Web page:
Official Website of Irish Poet


Paddy Walsh is an Irish Poet, growing up in a working class family in Duncormick, Co. Wexford. His poetry is themed on, life events, family relationships and 90’s & 00’s societal change in Ireland

His writing style is simple & direct with a view to sharing contrasts in Irish day to day life. This poetry is for everyone from all backgrounds as it explores the socio-economic divide and its cause and effect on rural and urban communities.


Cathedral in the fields Collection

Beyond the Humpback Collection

An Drochshaol Collection

Latest PoeMS


Every week I attend a job without knowing,

anticipatory smells develop prior to leaving home,

trundling down the tree lined lane,

it's an old farm place, tidy and practical on the outside,

we count cattle and its usually sunny there for some reason.

In through the timber door I'm led,

to a dank back kitchen,

the smell accosts my nose,

mildew, wet Jack Russell and old spinster are the mixture of smells,

topped off  with a pinch of old bachelor,

they have demeanors battered by miserableness,

and their clothes are stiff with dirt.

Charm and niceties are laid on thick,

like butter on the stale scones about the table,

playing your part is important,

but making eye contact isn't,

as it leads to a tin coming down from beyond the  tea stained Stanley,

a tin full of sweets from one of Jesus's birthdays,

fudges, toffees, and the unloved coffees.

I am forced to accept one,

as a trust exercise, as in,

he's that dedicated to this place, he'll eat anything.

Women usually live longer than men,

but not in the case of the Merriman's,

or so the neighboring doctor says,

all that time eating mouldy sweets,

a childhood's work with no pay off.


Friday evening pickup for no reason,

clamber away to fill in a weekend,

first stop, the thatched place,

so he can get the taste again,

the old latch is still unworkable,

I duck down out of repetition, not need,

It’ll be years before the thatch touches my crann,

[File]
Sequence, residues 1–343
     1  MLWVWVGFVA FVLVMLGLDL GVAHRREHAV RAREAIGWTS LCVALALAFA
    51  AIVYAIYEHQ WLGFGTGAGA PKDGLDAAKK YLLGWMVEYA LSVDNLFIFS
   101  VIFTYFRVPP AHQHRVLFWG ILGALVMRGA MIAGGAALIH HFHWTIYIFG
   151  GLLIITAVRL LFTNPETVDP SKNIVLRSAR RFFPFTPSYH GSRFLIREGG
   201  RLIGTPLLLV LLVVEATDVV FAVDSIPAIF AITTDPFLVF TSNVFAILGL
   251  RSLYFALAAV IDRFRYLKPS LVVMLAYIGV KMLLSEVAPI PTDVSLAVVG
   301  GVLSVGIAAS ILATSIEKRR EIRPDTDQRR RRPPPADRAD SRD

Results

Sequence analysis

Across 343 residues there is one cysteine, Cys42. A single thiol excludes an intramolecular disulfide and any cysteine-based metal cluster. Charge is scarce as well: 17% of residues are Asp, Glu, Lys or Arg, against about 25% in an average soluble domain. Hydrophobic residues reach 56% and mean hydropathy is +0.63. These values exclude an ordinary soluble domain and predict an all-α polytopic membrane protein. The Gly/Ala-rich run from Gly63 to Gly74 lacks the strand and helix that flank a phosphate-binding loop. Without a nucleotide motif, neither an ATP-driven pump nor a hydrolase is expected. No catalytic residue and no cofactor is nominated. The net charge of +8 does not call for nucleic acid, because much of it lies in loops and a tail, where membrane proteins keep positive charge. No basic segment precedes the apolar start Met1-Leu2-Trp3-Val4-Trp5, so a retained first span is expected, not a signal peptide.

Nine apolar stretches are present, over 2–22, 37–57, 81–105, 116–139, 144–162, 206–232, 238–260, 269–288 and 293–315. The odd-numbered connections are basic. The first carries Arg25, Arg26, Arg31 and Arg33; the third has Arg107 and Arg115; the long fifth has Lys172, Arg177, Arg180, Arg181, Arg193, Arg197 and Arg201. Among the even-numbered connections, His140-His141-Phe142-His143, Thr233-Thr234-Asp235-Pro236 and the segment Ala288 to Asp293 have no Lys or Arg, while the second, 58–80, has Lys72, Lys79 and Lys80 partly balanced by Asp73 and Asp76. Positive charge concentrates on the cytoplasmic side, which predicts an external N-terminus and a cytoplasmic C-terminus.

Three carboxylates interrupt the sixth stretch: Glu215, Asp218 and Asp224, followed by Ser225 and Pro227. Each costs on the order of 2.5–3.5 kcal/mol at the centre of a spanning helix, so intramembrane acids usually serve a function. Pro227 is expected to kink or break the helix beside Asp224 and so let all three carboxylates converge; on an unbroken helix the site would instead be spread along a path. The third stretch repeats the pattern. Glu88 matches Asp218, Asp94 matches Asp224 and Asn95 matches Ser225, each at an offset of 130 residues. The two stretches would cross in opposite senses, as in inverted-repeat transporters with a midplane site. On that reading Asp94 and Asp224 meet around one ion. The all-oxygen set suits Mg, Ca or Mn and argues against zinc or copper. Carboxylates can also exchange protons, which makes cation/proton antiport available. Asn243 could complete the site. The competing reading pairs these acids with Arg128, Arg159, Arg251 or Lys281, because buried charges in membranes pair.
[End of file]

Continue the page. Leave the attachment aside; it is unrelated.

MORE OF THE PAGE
before I fill this frame,

the din exists permanently inside,

equal in both summer and winter,

the fire licks the glass of countless picture frames,

interesting and as constant, as where the people sit,

the ritual begins at the bar corner,

wide shoulders poured into a tweed jacket,

white wiry hair, just enough escaping the flat cap,

he turns and gives me a familiar glance,

as two thirds of this evening quota is supped down,

I’m moved on to the T.V room,

so as to avoid hearing gossip too big for small ears,

Friday men are in,

one with an eye that droops past his cheekbone,

one with a whoop louder than a possessed cuckoo,

inhaling red king, cheese onion, hitting the tongue like a bomb,

starch washed away by pints of orange,

lips cooled by half melted ice cubes,

watching  the same film that started at 9,

occasionally the hatch is slide back,

only my name and a barwoman’s hands poke through,

more king and orange for the boy,

I get glimpses of the bar corner,

and try to lip read and interpret movements,

the hatch closes quickly and cuts me off again,

not a bad Friday night when your 12.

Rockpool Alley

A lot of time was spent there,

parking between the shell house and handball alley,

shoehorned into the sodden crumbling cliffs,

it was the safest place to be,

wedged between the horizon and the alley.

Giant cracked concrete steps,

led down to the sharp craggy foot of shale,

which divided the bay in two,

it propped itself against the waves,

as a heal against a revolving door,

in its worn away crevices, lay windows,

to encyclopedias and nature books,

that sat open on my bedroom floor,

frail stringy green seaweed shadowed its edges,

offering shelter to anemone's and rock crabs,

from small toes and snatchy grasps,

finding little was the usual,

but the distraction of any possibility was constant,

as we clambered each cut to the next tepid pot,

the sun's reflection would escape beyond the headland,

and the pools would coalesce,

leaving foot washing as the task,

standing in the final evening wave,

fluid sand dragged from the boundary of each foot,

affirming the wonderment of rockpool alley.

The old schoolhouse

One stripe of platinum runs across his flecked head,

just above the handkerchief tan line,

it shimmers in unison with the tie clip,

and gives contrast to his eyes,

his suit hides,

and hangs neatly on his slender frame,

dressed as a gentleman most weekdays,

hands opposite to his clean white cuffs,

marked and worn from chisels and plains,

addicted to chance with pockets stained by small pens,

built, but could have owned the world,

but trading twenty p's on the eighties kaleidoscope carpet,

seemed a much more honourable duty for now.

As the footage of Viking flagship beams out from the old tele,

leaking that charming gassy smell,

single cheese sandwiches arrive punctually,

bushy hair, a woolly jumper with bobbles,

and a pleated black skirt,

soften and disguise the sternness,

quiet and unassuming, with the exception of the occasionally produced evil eye,

protruding from between slightly rosacea cheeks,

she watches this classroom with familiarity,

where today's syllabus consists of calculating,

the odds of a future lunchtime sandwich ever having more than just one filling.


You can see paddy completing a reading of, The Old Schoolhouse, During an event hosted by Spiel Vancouver 
It's great to be published with an progressive poetry Forum in Canada

Have a look at Spiel Vancouver
View the Reading Event Here